Many areas in the world are susceptible to sinkholes and the associated risk of a sudden collapse of the surface. About 13% of the world’s land surface is covered by carbonate rocks which are sensitive to erosion by running water, leading to cavities and potentially sinkholes. In urban areas, sinkhole risks are a direct threat to human lives. Detecting sinkholes is notoriously difficult, as techniques such as ground-penetrating radar (GPR), electrical resistivity tomography (ERT), seismic methods, and microgravity, usually have a very localized range, and are difficult to deploy between buildings. Yet, recently it has been demonstrated that the detection of small depressions using radar interferometry can be indicative for imminent sinkhole collapse site identification. In an earlier study, we have demonstrated that a sinkhole occurring in the south of the Netherlands appeared to be observable as gradual deformation years before the actual collapse. Building on this experience, we designed a warning system to detect locations where the spatio-temporal behavior of the surface, or objects on the surface, has the characteristic fingerprint of a subsurface cavity, or an imminent sinkhole. We apply a robust method of hypothesis testing based on time series of TerraSAR-X and Radarsat-2 SAR data. We report on the characteristics of the method, the ways to deal with false alarms, and the potential for operational deployment.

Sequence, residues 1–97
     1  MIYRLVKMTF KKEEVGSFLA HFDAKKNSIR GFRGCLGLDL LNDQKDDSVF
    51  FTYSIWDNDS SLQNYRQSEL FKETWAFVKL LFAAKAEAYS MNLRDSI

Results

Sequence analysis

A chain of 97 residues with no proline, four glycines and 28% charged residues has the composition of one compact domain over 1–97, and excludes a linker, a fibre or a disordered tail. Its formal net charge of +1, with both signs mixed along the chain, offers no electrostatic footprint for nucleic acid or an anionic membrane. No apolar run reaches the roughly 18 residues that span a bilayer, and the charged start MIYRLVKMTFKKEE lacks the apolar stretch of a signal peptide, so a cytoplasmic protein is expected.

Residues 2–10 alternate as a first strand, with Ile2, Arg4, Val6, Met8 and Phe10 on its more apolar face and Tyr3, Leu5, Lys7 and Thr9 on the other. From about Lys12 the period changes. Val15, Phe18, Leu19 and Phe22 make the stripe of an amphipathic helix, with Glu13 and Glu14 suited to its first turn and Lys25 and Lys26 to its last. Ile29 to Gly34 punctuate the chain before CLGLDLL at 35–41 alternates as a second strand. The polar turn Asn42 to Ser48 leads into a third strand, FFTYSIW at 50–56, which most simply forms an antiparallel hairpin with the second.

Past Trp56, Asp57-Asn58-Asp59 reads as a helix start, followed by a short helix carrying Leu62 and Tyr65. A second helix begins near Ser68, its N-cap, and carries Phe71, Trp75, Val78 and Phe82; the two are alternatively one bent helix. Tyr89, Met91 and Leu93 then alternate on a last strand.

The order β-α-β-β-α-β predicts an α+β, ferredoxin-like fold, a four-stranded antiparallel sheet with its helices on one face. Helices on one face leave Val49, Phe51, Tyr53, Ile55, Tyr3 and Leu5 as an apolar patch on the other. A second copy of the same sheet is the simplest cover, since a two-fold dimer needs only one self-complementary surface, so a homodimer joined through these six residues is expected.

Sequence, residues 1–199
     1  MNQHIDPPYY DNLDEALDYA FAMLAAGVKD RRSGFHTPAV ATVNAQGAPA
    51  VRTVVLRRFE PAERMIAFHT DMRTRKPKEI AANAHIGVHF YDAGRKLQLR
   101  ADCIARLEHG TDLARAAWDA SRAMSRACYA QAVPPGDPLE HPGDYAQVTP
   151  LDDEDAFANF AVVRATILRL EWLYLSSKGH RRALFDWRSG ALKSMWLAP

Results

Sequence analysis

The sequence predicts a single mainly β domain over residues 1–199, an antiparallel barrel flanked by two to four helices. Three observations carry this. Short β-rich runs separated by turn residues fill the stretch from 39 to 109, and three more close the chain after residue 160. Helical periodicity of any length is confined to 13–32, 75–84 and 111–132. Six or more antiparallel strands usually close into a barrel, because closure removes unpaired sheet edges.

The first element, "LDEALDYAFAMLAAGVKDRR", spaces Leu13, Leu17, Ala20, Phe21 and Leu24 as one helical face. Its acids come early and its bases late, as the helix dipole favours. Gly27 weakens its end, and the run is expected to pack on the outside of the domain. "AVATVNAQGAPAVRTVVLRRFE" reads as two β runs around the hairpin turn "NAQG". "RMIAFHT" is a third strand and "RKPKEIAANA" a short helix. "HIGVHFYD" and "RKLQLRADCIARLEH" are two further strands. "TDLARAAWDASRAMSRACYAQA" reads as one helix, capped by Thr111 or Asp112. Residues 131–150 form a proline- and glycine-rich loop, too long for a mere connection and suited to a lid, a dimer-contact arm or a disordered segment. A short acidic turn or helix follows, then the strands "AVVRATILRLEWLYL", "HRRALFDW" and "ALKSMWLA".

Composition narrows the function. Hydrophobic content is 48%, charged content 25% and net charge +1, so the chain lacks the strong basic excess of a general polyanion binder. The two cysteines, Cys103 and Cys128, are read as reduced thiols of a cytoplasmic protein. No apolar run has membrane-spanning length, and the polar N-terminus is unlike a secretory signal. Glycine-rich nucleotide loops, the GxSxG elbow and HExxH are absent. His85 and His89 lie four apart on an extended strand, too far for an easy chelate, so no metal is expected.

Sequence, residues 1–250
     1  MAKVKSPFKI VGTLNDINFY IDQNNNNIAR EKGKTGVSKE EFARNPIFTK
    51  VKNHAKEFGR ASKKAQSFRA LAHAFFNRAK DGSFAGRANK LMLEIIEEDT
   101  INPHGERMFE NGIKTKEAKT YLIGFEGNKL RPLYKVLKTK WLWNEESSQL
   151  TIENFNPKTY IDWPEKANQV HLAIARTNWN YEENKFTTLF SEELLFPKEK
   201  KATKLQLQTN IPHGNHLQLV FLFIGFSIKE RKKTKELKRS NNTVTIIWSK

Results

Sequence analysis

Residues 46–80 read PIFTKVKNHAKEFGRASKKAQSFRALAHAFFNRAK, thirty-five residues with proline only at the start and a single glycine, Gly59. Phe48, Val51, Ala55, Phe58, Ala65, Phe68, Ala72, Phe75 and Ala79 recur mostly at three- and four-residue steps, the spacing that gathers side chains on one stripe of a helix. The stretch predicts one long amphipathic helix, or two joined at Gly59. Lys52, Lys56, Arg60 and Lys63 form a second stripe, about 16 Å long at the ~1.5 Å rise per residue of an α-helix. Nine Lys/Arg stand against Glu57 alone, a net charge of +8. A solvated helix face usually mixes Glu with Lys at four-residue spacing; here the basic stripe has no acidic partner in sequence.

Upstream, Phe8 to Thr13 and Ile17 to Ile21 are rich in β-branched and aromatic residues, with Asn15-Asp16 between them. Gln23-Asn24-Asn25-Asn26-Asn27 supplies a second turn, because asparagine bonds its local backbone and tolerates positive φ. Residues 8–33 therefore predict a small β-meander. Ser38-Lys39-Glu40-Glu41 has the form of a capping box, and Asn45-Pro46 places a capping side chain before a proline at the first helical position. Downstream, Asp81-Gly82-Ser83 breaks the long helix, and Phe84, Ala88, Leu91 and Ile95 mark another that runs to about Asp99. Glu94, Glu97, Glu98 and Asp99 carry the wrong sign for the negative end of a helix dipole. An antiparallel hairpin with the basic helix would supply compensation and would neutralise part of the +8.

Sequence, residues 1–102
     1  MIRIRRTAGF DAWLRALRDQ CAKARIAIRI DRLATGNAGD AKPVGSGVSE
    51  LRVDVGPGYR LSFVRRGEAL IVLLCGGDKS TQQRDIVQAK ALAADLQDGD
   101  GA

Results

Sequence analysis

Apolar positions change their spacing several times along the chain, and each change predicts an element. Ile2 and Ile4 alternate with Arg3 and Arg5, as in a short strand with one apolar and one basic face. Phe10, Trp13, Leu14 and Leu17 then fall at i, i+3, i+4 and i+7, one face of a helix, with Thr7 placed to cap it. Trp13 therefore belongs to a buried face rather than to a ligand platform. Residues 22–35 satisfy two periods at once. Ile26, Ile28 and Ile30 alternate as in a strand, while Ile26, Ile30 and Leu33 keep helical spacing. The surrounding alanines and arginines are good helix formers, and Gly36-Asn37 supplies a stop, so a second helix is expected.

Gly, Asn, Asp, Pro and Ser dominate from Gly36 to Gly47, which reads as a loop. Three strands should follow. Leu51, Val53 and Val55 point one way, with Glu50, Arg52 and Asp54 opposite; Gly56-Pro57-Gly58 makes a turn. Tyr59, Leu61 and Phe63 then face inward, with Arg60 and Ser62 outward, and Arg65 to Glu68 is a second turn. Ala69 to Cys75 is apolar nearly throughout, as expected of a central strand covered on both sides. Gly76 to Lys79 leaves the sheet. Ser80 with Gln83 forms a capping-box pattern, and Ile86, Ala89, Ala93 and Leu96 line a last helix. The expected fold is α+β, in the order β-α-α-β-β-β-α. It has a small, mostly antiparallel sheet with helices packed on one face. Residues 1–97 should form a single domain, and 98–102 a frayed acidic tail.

|Number of pages||1|
|Publication status||Published - 2015|
|Event||Mapping Urban Areas from Space - ESA – ESRIN, Frascati, Italy|
Duration: 4 Nov 2015 → 5 Nov 2015
|Conference||Mapping Urban Areas from Space|
|Abbreviated title||MUAS 2015|
|Period||4/11/15 → 5/11/15|